Intro to Neuroscience Week 2
Intro to Neuroscience Week 2 NE 101
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This 8 page Class Notes was uploaded by Noemie Trocher on Monday September 19, 2016. The Class Notes belongs to NE 101 at Boston University taught by Lipton in Fall 2015. Since its upload, it has received 8 views. For similar materials see Introduction to Neuroscience in Neuroscience at Boston University.
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Date Created: 09/19/16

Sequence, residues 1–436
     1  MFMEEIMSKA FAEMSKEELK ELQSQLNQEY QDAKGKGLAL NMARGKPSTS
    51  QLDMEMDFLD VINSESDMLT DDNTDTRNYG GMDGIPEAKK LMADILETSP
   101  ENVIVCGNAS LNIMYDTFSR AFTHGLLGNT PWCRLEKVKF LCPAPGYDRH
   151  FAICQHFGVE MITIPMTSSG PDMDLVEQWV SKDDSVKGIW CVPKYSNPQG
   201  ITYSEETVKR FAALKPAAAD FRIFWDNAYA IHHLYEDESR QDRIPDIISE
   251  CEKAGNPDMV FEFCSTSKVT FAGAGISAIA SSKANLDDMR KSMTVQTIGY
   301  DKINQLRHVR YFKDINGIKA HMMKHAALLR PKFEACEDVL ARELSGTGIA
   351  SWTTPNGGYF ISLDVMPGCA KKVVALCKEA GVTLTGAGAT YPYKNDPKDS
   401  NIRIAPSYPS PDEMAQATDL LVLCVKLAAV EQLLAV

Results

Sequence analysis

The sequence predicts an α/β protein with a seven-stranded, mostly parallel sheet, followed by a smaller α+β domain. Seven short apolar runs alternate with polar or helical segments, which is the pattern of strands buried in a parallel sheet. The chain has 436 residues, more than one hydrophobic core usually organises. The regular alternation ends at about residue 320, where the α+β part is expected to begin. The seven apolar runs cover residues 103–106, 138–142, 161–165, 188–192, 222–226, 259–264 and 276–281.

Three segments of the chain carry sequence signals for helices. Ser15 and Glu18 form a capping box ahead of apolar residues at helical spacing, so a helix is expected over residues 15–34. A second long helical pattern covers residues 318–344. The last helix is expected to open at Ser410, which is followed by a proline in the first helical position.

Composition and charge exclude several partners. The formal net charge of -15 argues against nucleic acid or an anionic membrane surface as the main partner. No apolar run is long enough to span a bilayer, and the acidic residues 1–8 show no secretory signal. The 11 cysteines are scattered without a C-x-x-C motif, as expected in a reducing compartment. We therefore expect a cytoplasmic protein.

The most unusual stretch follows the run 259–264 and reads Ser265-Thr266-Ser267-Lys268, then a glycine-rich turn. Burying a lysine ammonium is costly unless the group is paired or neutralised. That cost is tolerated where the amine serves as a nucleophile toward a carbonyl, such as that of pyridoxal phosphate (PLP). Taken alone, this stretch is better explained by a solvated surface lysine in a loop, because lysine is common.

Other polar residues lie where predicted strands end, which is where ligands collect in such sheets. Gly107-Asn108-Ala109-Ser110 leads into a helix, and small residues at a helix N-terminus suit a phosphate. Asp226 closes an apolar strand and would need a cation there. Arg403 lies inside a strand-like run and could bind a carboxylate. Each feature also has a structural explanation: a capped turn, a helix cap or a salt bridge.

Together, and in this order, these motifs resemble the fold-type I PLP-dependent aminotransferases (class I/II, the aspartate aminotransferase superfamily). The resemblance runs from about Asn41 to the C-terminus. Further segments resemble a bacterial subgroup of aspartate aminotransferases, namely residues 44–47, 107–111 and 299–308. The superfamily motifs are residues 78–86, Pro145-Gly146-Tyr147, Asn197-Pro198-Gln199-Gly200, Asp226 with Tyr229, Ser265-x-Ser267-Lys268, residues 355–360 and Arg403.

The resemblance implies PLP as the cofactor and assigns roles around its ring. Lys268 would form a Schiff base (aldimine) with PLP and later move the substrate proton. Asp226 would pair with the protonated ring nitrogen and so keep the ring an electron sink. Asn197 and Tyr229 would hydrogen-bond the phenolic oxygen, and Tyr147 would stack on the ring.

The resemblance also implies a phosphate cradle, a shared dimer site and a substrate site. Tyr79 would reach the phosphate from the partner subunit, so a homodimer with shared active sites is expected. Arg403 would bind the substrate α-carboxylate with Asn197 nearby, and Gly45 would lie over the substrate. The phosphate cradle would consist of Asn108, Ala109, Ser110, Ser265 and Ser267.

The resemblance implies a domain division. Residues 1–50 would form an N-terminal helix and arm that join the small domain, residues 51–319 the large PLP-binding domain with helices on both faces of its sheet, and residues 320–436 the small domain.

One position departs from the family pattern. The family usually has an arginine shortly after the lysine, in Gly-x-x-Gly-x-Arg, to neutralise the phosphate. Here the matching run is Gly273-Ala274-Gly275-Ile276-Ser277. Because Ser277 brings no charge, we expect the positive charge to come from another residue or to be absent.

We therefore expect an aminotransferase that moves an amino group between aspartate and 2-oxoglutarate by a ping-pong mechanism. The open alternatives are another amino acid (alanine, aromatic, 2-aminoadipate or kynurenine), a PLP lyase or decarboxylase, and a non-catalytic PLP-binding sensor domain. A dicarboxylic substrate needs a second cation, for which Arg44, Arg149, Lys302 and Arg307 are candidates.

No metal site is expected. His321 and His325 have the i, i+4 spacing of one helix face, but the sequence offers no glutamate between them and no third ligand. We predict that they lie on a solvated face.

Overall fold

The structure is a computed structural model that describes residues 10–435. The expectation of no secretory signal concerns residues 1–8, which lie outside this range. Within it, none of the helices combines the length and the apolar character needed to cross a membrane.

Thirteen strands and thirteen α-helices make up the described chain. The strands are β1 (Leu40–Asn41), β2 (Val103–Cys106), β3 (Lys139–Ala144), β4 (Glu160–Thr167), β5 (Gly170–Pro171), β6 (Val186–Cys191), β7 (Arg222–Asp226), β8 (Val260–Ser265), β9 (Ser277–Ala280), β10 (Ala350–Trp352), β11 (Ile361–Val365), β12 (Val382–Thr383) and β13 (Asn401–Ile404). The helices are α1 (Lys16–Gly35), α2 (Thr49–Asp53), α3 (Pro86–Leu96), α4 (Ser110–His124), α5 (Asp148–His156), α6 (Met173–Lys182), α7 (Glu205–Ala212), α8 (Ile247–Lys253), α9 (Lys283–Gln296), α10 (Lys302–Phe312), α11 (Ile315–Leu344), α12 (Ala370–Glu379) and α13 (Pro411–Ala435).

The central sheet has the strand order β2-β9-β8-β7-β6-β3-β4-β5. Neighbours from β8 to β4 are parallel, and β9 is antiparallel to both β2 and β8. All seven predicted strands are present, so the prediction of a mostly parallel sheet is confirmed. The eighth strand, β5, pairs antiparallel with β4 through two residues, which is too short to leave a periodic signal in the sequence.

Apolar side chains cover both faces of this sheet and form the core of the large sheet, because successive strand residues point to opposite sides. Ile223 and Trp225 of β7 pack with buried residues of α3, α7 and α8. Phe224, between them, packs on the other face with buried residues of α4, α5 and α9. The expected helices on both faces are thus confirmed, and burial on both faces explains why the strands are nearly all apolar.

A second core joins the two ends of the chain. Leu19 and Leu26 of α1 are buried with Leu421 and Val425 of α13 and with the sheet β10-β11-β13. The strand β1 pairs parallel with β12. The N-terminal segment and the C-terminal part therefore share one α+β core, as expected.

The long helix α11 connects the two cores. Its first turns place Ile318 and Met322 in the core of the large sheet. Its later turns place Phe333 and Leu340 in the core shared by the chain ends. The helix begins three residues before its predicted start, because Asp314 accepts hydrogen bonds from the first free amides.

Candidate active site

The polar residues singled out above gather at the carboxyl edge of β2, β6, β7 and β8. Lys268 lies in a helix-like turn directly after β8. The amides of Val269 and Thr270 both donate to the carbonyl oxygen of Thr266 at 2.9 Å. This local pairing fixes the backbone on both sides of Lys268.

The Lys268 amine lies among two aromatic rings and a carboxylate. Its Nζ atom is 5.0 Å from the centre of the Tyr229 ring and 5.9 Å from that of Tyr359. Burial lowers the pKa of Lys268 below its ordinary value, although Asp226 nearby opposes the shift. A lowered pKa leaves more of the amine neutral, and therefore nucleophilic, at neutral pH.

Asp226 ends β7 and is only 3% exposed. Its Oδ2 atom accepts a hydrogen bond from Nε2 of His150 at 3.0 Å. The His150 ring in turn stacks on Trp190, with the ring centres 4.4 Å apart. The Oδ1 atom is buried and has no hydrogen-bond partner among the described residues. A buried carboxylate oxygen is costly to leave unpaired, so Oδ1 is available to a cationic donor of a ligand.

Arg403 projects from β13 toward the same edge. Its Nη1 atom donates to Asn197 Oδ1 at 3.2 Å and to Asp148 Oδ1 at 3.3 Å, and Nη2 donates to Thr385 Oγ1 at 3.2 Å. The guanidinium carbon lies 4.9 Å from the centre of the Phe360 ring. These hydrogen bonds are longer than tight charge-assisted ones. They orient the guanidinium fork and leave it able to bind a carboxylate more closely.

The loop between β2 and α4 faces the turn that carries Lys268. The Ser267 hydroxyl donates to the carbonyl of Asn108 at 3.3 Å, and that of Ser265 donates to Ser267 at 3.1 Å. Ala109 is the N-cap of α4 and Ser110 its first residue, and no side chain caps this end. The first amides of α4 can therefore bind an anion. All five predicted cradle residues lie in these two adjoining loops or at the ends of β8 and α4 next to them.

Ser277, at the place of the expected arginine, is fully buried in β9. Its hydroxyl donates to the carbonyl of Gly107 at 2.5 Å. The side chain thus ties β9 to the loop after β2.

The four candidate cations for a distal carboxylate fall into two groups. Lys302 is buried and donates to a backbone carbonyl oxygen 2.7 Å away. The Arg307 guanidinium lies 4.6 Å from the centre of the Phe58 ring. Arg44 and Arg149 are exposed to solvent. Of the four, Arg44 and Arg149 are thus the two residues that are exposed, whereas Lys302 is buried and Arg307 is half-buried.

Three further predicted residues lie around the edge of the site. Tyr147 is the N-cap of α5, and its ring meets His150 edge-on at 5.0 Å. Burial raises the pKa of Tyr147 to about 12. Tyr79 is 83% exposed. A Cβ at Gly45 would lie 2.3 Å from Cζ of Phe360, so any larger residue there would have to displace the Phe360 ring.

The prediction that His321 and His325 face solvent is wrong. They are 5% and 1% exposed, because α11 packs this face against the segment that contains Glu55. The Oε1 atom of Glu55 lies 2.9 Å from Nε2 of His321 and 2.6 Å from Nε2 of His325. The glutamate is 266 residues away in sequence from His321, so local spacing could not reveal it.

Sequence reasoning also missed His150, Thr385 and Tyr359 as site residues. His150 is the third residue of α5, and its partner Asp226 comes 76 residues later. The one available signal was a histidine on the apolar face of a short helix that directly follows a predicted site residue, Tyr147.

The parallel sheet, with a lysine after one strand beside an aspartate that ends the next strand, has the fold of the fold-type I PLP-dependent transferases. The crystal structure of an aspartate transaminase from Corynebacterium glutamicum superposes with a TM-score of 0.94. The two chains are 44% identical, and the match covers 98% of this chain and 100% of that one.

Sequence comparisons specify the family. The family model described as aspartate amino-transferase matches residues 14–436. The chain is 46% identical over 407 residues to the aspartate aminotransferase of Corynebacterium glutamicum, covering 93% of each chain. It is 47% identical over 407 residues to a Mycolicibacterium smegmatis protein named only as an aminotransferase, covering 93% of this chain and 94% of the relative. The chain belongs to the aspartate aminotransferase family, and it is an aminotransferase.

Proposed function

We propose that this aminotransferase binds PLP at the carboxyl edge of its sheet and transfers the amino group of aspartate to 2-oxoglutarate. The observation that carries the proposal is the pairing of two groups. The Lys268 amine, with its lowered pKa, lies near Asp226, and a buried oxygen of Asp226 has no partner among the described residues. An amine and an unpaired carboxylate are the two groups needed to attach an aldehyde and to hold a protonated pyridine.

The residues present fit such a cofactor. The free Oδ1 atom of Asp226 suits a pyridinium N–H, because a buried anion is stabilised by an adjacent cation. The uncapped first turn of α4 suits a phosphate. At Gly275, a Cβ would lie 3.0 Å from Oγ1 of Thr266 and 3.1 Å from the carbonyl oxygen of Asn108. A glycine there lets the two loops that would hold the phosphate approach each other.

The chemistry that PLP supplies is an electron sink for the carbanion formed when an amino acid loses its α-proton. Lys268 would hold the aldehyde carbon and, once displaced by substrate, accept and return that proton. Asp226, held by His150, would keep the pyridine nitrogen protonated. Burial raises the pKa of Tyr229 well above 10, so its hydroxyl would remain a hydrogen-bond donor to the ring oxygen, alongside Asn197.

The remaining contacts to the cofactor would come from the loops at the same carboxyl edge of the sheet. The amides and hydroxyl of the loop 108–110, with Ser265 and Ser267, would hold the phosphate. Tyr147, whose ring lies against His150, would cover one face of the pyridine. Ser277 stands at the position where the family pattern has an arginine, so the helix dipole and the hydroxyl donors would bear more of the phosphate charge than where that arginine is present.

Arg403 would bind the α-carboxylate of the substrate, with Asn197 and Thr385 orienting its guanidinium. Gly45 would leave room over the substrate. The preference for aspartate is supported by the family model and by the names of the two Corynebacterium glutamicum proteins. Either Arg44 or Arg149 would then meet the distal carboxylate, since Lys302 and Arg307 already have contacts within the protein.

Intro to Neuroscience September 12, 2016 Roots of Neuroscience (cont.) - Cognition: How are psychological processes supported by the brain? ● Edward Tolman (1946): Latent Learning ○ Trained groups of animals in a maze ○ Recorded how many times an animal made an error while trying to solve maze ■ Group A: received no reward for completing maze ■ Group B: received a reward after every trial ■ Group C: were not rewarded until Day 11 ■ Group C indicates that animals were actually learning ● Just wandering around mze but still learning ● Disproves theory that learning is a reflex ○ Insight in detours: ■ Pioneered cognitive revolution -> put cognition on the map ■ In different maze, animals had to figure out how to get to the food box through various detours ■ Animals eventually learned how to take a detour if a specific blockage was used ● Donald Hebb (1949) ○ Contributed to cell assembly -> figured out how cells ar connected ○ Discovered phase sequence ■ A: Friend 1 ■ B: Friend 1’s dorm; Friend 2’s dorm ■ C: Friend 2 ■ Brain is able to determine that both Friend 1 and Friend 2 live in the same dorm, WITHOUT ever seeing them together ● Way beyond the reflex arc ● Modern neuroscience seeks circuits that supports higher cognitive functions -> there are actual regions of the brain ○ Inferential judgment - Compartmentalization: How the brain is organized ● Franz Joseph Gall (1800): ○ Organology:as you get better at something -> certain parts of the brain grow -> create bumps in the skull (totally incorrect) ○ Laid foundation for compartmentalization ● Paul Broca (1861): ○ Patient named “TAN”: cannot speak but can comprehend very well ○ When Broca did an autopsy on him, found that there was a whole in the left frontal part of the brain -> came to be known as Broca’s area ● Carl Wernicke (1866): ○ Had a patient who could speak fluently but could not comprehend others ○ Different part of the brain was affected ● Broca and Wernicke both laid foundation for the localization of speech in the brain ● Gustav and Julius (1870) ○ Discovered areas that correlate with sensations and movement on the body ○ Applied electric current to specific parts of the brain ○ Were able to create a motor and sensory map of the brain ■ The more sensitivity a part of the body has -> the larger representation it has in the brain ● Modern Organology ○ Have identified 30+ areas of the brain - Cure: The Future ● Brain initiative ○ Accelerate the development and application of new technology that will enable people to produce pictures ■ Influence local networks through TMS ■ Use molecular tools to manipulate activity ■ Mapping brain using brain-bow Evolution of the Nervous System - Intellectual traditions in neuroscience: ● Psychology ● Chemistry ● Physics ● Biology -> organismal biology: the studying of small animals to understand humans - Insight learning in crows: ● Crow must get food in a basket from a clear glass tube using a wire ● Crow was able to get the basket of food by bending the wire to make a hook - Delayed matching sample: Comparison stimuli ● Animal is trained so that when it is shown a color to pick that color ->will open a door to food ● Animal was able to do it with different colors, patterns, and odors ● *Animal was a honeybee -> can learn abstract concepts - Invertebrates dominate tropical animal biomass September 14, 2016 Why Study Evolutionary Neuroscience? - Why discuss evolution in NE101? ● “Nothing in Biology makes sense except in the light of evolution.” -TheodosiusDobzhansky ● Causation: ○ Why is it designed this way? - Ultimate question (Why?) ■ Focus on historical explanation (evolutionary) ○ How does it work? - Proximate question (How?) ■ Focus on how things function Basic Concepts - What is evolution? ● Descent of modification ● Change in population NOT individuals ● Frequency of heritable genetics varies in population over generations - Critical terms ● Population: species/ groups of similar animals ● Variants: change in population; tool of change ● Heritability: means by which variation occurs - Natural Selection ● How do organisms evolve phenotypes that fit their environment ○ Differential survival based on heritable variation = FITNESS ● Is not the evolutionary process ○ Mutation: ultimate source of all change ○ Genetic drift: random change in allele frequency due to chance ○ Gene flow: movement among population ○ Fitness: only process that relates to adaptation and environment ● Evolution ○ Change in allele frequencies in a population over time ○ Does not mean better ● Speciation ○ When a species in different environments begin to differ so much that they can no longer mate ● Phylogenies ○ Relationship among lineages can be described using tree diagram September 16, 2016 Case Studies: Levels of Causation Animal Eyes - How do camera eyes work? ● Image focused on retina activating photoreceptors ● Info transmitted along optic nerve to visual processing part of brain BUT: Why so many different types of eyes? What is adaptive about eyes? - Why do camera eyes work the way they do? ● Vertebrate: cells that capture info are all the way in the back ● Cephalopod: cells that capture info are in front -Evolution: any change in allele frequency in a population over time ● Mutation ● Genetic drift ● Gene flow ● Natural selection - Natural Selection ● Adaptations of nervous system are just like other phenotypic traits ● Often subdivided ○ Interaction with environment ■ Ability to find food ■ Ability to avoid predators ■ Tolerances to extreme environmental conditions -> Called Ecological Selection ○ Ability to find a mate ■ Competition between animals of the same sex ■ Ability to attract a mate -> Called Sexual Selection ● Ecological Selection ○ Adaptations to environment ■ Food ■ Weather ■ Predator -> Lead to somatosensory/motor specializations ○ Ex: adaptation to fossorial lifestyle ■ Morphology: body shape, digging adaptation ■ Neurobiology: reduced investment in vision and audition -> greater investment in forward somatosensation Convergent vs Contingent Evolution - Phenotypic similarities are due to convergent evolution NOT ancestral traits - Repeatable vs. Chance Events ● Convergence leads to similar, NOT identical, situations ● Natural selection is anything but random ○ Mutation = chance ○ Genetic drift = chance ● Sexual selection ○ Adaptation to acquire mates ■ Competition (intrasexual) ■ Advertising (intersexual) ○ Ex: songbirds ■ Morphology and Behavior: brightly colored feathers, elaborate songs ■ Neurobiology: ability to learn songs heard early in development, dedicated neural circuits for song production, increased investment in vocalization areas of brain